SRSG Draganov's Speech on the 20th Anniversary of Turkmenistan’s Neutrality

12 Nov 2015

SRSG Draganov's Speech on the 20th Anniversary of Turkmenistan’s Neutrality

ASHGABAT, Turkmenistan

On 12 November, Mr. Petko Draganov, Special Representative of the UN Secretary General and Head of the UN Regional Center for Preventive Diplomacy for Central Asia (UNRCCA), participated in a video Panel Discussion devoted to “Policy of Neutrality: International cooperation for peace, security and development”, in New York organized by the Permanent Mission of Turkmenistan to the United Nations with the support of the United Nations Department of Political Affairs.

On this occasion, SRSG Draganov delivered a video message dedicated to the 20th anniversary of Turkmenistan’s neutrality.


Dear colleagues,

I am so delighted to reach out to you from Ashgabat and talk about Turkmenistan's Neutrality. When 20 years ago the UN General Assembly adopted a resolution on the country’s permanent Neutrality this was, I believe, the first time a country’s neutrality was being officially recognized by the United Nations.  Notably, the resolution welcomed, and I quote “the desire of Turkmenistan to play an active and positive role in developing peaceful, friendly and mutually beneficial relations with the countries of the region and other States of the world”.

And, last, June 3rd 193 states at the UN unanimously confirmed the “Permanent Neutrality of Turkmenistan”. In this new resolution, the General Assembly reiterated its support for Turkmenistan’s status of permanent Neutrality and called on the Member States “to respect its independence, sovereignty and territorial integrity”.

These two resolutions are not just symbolic acts by the UN Members states. They reflect the unanimous recognition by the international community of the value of Turkmenistan’s Neutrality and of the benefit it brings to peace, stability and cooperation in Central Asia.

Neutrality has for many years performed a critical function in International relations. Its core principles were codified back in the 19th century and are part and parcel of international law. To date, they preserve their fundamental importance and compatibility with the broader system of collective security created by “we, the peoples of the United Nations” some 70 years ago.   

This 20th anniversary is a good opportunity to look back at what the country has achieved both at home and in the wider region. The various events organized by the Turkmen authorities during the year of “Neutrality and Peace” allow for such an assessment. It is only fitting that the forthcoming high-level international conference on “The policy of neutrality: international cooperation for peace, security and development” on December 12th in Ashgabat should crown a busy year-long agenda. I understand the event will be attended at a high level by many invited participants.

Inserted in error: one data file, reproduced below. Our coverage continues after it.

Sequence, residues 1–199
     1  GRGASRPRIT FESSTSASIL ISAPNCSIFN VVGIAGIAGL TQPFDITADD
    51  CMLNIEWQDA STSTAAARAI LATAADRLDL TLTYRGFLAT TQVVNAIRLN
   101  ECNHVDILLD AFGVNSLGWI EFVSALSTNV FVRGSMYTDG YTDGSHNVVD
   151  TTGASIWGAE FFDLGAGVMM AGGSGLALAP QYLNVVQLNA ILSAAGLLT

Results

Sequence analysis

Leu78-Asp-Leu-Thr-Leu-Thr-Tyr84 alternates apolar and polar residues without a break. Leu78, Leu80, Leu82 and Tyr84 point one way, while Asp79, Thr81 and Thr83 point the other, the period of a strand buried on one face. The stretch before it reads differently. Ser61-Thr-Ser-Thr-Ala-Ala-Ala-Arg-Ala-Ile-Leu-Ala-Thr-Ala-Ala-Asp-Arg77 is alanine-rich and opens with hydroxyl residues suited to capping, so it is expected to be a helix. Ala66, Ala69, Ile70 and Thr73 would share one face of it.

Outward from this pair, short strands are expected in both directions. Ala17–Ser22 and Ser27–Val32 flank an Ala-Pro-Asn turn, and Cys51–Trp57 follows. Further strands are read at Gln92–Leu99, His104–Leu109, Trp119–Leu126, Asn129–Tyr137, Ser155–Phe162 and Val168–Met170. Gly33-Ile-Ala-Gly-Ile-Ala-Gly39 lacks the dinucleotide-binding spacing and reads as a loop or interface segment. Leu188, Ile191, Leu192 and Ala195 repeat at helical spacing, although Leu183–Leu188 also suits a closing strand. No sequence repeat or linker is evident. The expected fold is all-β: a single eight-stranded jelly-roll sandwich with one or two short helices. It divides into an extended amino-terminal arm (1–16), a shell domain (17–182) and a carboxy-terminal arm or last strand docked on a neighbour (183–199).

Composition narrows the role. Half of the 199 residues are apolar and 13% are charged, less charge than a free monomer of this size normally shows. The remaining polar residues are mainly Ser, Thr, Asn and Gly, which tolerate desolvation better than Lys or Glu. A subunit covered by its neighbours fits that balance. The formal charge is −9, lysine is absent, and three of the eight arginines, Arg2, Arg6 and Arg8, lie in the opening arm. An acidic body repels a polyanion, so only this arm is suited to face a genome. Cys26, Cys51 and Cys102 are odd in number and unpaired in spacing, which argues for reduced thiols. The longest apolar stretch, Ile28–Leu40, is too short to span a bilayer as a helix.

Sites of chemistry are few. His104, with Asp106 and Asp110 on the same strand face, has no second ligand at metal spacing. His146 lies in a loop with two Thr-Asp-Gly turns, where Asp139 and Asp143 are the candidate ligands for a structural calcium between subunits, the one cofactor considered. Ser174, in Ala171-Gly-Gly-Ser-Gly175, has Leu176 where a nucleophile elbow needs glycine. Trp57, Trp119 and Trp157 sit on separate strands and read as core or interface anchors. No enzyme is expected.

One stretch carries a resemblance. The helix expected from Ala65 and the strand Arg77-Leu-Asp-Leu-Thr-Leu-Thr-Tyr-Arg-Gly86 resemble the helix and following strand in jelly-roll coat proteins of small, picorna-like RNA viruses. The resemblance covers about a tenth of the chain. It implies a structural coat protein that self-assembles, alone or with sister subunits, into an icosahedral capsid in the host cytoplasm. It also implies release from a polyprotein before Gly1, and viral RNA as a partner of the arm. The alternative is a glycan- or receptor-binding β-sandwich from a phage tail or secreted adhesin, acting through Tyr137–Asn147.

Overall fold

Let me state that far from being a policy of “self-isolation”, Turkmenistan’s concept of “positive” neutrality, has allowed the country to make significant contributions to the UN, join various international bodies, agencies and processes of cooperation; I can bear witness that Turkmenistan’s positive neutrality has been instrumental in the country’s active role in the region, promoting stability, good neighborly relations and regional cooperation, which the UNRCCA warmly welcomes.

This status has indeed contributed to the application of our SG’s concept of preventive diplomacy in Central Asia, with the establishment of UNRCCA, and the continuous support of the Turkmen Authorities to the Centre’s mandate and activities. During his recent visit to Ashgabat and the meeting we had with President Berdimuhammedov SG Ban Ki Moon once again paid tribute to this strong support and partnership.

On a number of occasions, Turkmenistan has offered its territory and its good offices for talks between opposing parties. One could refer to the role the country played in facilitating peace talks between various Tajik actors in 1995-96, or to its significant contribution to peace talks among conflicting parties in Afghanistan, in 1997.

Today, more than ever, in a globalized world where developments in any given region affect all of us, Turkmenistan’s “positive” neutrality represents a pillar of regional stability. Let me mention that this policy of neutrality has also translated into a great vision of transport, trade, infrastructure, connectivity, and energy security, as illustrated by the projects that the government of Turkmenistan supports, in the country, in the region, and beyond.  Such projects are, in essence, yet another contribution to security and stability that we should all acknowledge.

I therefore wish to congratulate the people, the Government and the President of Turkmenistan as the country prepares for a momentous celebration, which I am looking forward to attending.